avatarSwitching to dvorak layout 🎹

50; 12022 H.E.

I switched to Dvorak layout in the summer of 2018. That was a very important time for me, as a couple of months after, I would start my first year in college. Why did I decide to switch to Dvorak and do I still use it four years later? Let us walk through it quickly.

First things first, let me run a quick introduction to the layout. The overwhelming majority of people use a QWERTY keyboard layout, which is currently the de facto standard keyboard layout. Many people that use it don’t even know that there are other layouts possible. The only way you know you use QWERTY is by looking at the first 6 letters in the top left of your keyboard.

If QWERTY is used by almost everyone in the world, it’s the accepted international standard and every physical keyboard in existence is built using the layout, why would I or anyone else ever think about switching out of it? There can be several, but you have to make sure those reasons would apply to you and you could benefit from them.

The big part of why I switched out was my inability to touch type on QWERTY, largely because I never learned how to type "the right way". I think I learned how to type on my parents’ old computer, where I would type by looking at all the keycaps, where my fingers would go smashing them violently. I never trained myself out of it, so even farther into my adolescence and fiery teenage years, I typed a little slow and needed constant visual assistance.

When I took upon learning Dvorak, I spent the first week or so completely crippled and unable to type anything faster than one keypress every 2-3 seconds. I would constantly look up the key positions on my phone (why would I move the keycaps) and try to memorize their positions as much as possible, before it bleeds into my muscle memory.

About two or three weeks later, I could confidently, not exuberantly, but confidently type in Dvorak at the same speed as I did when using QWERTY. A month or so after, it just became second nature to me. Four years after, never looked back. I have been a happy daily Dvorak user for years and more to come. Right as this backstory ended, let’s talk about some advantages Dvorak can bring you in your day-to-day-in-front-of-the-computer-typing-life.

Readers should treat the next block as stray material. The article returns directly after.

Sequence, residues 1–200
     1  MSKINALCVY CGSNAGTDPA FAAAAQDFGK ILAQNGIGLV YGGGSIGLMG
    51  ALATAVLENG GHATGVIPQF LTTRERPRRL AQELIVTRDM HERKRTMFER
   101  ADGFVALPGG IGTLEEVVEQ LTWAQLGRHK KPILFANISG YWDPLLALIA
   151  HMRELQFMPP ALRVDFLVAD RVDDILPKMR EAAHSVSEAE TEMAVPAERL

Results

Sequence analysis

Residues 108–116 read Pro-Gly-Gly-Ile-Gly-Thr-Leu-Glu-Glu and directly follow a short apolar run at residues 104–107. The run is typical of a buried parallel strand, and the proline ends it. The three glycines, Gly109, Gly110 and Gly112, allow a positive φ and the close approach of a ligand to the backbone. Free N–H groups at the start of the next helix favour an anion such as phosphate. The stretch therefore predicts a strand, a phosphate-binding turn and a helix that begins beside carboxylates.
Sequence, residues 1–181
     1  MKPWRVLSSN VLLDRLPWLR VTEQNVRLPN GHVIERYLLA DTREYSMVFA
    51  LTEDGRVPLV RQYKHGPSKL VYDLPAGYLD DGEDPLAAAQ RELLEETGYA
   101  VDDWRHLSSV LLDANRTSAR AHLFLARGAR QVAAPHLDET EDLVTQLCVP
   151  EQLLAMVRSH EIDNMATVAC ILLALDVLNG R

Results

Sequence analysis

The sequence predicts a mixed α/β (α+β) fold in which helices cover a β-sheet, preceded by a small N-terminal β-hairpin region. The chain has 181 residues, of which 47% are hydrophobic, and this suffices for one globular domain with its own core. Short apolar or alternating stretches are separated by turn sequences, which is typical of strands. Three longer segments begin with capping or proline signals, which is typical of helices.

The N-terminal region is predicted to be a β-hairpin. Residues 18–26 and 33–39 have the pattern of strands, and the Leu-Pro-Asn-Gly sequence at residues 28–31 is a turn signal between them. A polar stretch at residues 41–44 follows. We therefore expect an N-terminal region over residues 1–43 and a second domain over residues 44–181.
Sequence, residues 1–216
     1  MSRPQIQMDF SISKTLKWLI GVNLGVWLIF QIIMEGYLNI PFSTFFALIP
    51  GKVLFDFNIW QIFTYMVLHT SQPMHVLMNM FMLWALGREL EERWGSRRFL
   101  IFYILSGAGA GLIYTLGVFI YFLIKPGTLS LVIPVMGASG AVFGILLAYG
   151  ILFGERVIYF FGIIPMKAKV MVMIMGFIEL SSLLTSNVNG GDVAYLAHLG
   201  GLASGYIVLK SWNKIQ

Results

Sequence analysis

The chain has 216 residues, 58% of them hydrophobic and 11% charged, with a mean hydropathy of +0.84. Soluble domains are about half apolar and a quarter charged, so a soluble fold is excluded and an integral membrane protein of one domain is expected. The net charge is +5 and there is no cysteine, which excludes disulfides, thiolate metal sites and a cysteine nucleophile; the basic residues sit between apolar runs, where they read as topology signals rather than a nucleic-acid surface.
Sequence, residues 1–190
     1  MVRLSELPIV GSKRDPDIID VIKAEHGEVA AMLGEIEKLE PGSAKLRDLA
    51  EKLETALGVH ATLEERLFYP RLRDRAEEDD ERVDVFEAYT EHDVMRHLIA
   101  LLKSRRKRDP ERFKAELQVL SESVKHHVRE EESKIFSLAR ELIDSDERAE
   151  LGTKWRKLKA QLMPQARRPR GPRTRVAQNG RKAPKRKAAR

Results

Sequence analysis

The big part of why Dvorak is semi-popular is thanks to its more ergonomic key and letter placement compared to QWERTY. Most used letters, such as "aoeuidhtns" are located on your home row (the middle one), such that your fingers have to travel less distance in less time to reach the desired key. On QWERTY, however, they are spread out all over the keymap, which makes you run like a wild rabbit, chasing those keystrokes.

The modern Dvorak layout (US layout)
The modern Dvorak layout (US layout)

This difference in ergonomic key placement is very important. On QWERTY, you only spend about 30% of your time on the home row, whereas Dvorak keeps you 70% close to it. We can observe that Dvorak could be at least 40% more productive, as it reduces the amount of space you have to traverse when typing. Taking just that into account, you would be a faster typer using Dvorak instead of QWERTY.

How does it feel typing? I’m doing it right now as I did for years and it is very comfortable. Letters and their positions feel more natural, like dancing a ballet instead of running around like a wild rabbit. Just to sum it up, I would recommend trying Dvorak out if you feel your wrists hurt when typing for a long time or you never learned to touch-type QWERTY. Be crazy.

funny storytime

I was applying for a tech internship and had a scheduled on-site interview, where I had to code some stuff up on their laptops. I did forget that normal people use QWERTY, and I forget how to type it after not touching it for months. It was a funny moment, where this software engineering applicant doesn’t know how to type on a keyboard. I simply asked if I could quickly switch the layout (incredibly easy on macs) and we all had a good laugh. ◼︎